(CNSNews.com) -- The latest annual poll by Gallup shows that only 29% of Americans have "positive views of the federal government." In addition, when broken down by political party, 29% of Democrats were positive and 28% of Republicans were positive.
The last time 29% of Americans expressed positive views of the federal government was in 2009, President Obama's first year in office, according to Gallup. During Obama's two terms, the percentage was lower than 29% and reached a low of 17% positive in 2011.
In the early to mid-Bush years, between 41% and 33% of Americans had positive views of the federal government, reported Gallup, which first started asking the question in 2003.
Gallup also reported that 52% of Americans, in 2017, have "somewhat" or "very" negative views of the federal government, while about 19% are neutral on the topic. "Negative views of the government have outweighed positive views in all but Gallup's first poll in 2003," stated the survey firm.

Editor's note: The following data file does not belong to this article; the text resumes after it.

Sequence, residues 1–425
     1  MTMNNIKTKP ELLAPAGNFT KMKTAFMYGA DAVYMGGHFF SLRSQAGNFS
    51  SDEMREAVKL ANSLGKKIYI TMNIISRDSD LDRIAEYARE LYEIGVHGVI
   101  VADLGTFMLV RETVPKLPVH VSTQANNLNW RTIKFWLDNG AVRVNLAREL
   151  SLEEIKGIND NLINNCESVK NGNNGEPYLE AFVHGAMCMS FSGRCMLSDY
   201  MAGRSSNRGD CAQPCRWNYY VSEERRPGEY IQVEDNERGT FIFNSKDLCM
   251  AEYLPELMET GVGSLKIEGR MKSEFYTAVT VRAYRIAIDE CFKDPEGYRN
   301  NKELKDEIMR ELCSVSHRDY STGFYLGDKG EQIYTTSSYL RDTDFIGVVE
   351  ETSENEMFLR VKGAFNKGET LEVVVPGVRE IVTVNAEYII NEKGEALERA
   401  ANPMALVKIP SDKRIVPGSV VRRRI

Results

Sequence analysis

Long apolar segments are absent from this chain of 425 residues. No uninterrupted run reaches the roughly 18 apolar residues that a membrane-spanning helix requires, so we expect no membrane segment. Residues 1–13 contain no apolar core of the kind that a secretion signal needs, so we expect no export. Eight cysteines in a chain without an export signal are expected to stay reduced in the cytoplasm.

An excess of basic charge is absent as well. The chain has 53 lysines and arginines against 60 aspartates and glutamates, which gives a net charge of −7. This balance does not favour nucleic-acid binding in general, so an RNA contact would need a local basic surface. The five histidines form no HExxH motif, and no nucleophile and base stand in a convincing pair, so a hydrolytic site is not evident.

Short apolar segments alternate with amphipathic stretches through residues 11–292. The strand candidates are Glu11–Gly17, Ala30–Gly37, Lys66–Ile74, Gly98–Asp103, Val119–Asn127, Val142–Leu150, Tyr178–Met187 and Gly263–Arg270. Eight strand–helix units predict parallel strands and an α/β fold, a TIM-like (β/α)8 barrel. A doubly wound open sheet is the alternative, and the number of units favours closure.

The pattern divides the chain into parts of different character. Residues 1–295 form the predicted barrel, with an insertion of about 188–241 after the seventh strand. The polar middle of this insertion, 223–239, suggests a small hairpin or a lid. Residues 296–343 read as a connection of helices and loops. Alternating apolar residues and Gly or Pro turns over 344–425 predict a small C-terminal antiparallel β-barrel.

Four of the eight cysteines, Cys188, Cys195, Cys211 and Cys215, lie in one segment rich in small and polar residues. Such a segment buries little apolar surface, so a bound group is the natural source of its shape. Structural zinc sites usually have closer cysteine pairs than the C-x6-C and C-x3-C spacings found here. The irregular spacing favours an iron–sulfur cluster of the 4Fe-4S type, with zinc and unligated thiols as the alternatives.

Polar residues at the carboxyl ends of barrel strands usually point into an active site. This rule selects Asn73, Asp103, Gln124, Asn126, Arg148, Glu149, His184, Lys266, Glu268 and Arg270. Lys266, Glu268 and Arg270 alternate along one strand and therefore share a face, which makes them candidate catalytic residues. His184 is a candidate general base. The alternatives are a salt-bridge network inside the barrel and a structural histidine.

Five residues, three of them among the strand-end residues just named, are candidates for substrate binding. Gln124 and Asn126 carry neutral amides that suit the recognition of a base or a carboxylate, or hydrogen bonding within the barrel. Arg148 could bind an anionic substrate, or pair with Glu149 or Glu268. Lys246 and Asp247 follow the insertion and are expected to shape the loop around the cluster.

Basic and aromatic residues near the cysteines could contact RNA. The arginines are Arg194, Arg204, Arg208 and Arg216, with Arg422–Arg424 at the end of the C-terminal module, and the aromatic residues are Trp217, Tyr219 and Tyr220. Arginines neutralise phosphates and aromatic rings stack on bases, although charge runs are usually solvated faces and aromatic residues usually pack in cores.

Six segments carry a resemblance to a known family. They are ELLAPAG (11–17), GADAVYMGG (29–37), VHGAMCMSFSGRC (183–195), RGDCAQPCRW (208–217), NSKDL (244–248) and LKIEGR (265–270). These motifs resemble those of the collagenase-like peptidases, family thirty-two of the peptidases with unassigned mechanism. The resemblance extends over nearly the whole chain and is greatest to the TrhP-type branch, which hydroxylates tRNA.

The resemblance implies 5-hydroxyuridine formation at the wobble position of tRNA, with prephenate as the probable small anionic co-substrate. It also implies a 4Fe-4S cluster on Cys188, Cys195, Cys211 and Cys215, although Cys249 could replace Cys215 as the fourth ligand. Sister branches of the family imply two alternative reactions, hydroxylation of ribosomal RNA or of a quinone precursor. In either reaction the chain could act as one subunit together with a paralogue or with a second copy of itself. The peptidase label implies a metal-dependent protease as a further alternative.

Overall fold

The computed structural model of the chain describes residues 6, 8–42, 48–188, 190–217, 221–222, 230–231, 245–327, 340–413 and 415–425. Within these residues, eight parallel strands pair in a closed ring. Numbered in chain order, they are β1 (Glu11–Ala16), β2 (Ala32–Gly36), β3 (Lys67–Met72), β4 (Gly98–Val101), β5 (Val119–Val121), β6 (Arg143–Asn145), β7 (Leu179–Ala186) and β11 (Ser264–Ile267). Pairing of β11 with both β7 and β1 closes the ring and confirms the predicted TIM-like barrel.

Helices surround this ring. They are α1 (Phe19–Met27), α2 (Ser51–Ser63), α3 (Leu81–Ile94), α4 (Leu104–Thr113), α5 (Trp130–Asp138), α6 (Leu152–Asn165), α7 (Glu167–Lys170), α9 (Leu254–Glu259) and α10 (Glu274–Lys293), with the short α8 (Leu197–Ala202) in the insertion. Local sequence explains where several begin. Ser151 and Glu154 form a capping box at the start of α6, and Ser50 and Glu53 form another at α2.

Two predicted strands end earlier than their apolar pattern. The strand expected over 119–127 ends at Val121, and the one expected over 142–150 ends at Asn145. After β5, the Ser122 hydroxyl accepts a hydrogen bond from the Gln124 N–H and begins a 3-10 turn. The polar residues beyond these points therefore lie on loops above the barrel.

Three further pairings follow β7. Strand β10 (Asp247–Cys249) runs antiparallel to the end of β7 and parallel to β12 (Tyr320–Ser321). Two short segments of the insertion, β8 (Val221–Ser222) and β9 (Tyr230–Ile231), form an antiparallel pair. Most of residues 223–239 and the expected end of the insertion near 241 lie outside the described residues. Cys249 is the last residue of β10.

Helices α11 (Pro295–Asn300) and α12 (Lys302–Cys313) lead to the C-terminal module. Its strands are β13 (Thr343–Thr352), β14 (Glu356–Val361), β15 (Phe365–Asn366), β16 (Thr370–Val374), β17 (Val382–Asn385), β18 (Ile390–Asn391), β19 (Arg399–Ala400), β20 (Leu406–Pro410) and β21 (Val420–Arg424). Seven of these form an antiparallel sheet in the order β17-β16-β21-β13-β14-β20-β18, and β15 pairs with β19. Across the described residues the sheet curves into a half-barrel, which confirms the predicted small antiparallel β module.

"From a comparative perspective, the federal government maintains the lowest positive rating of any of the 25 business or industry sectors tested in the August survey, ranking slightly below the pharmaceutical industry's 33%," said Gallup.
In 2016, 45% of the Democrats surveyed had positive views of the federal government while only 8% of the Republicans were positive. They nearly converged this year with 29% of Democrats positive and 28% of Republicans positive.
"Whatever the pattern of partisan differences in views of the government, one fact remains: The majority of Americans, regardless of party identification, have negative views of their federal government -- attitudes that are reflected in the similarly low percentages who approve of the job the president and Congress are doing at this point in history," said Gallup.
The survey was conducted by telephone, Aug. 2-6, with a "random sample of 529 adults, aged 18 and older, livingin all 50 states and the District of Columbia," said Gallup. the margin of error was +/- 5 percentage points.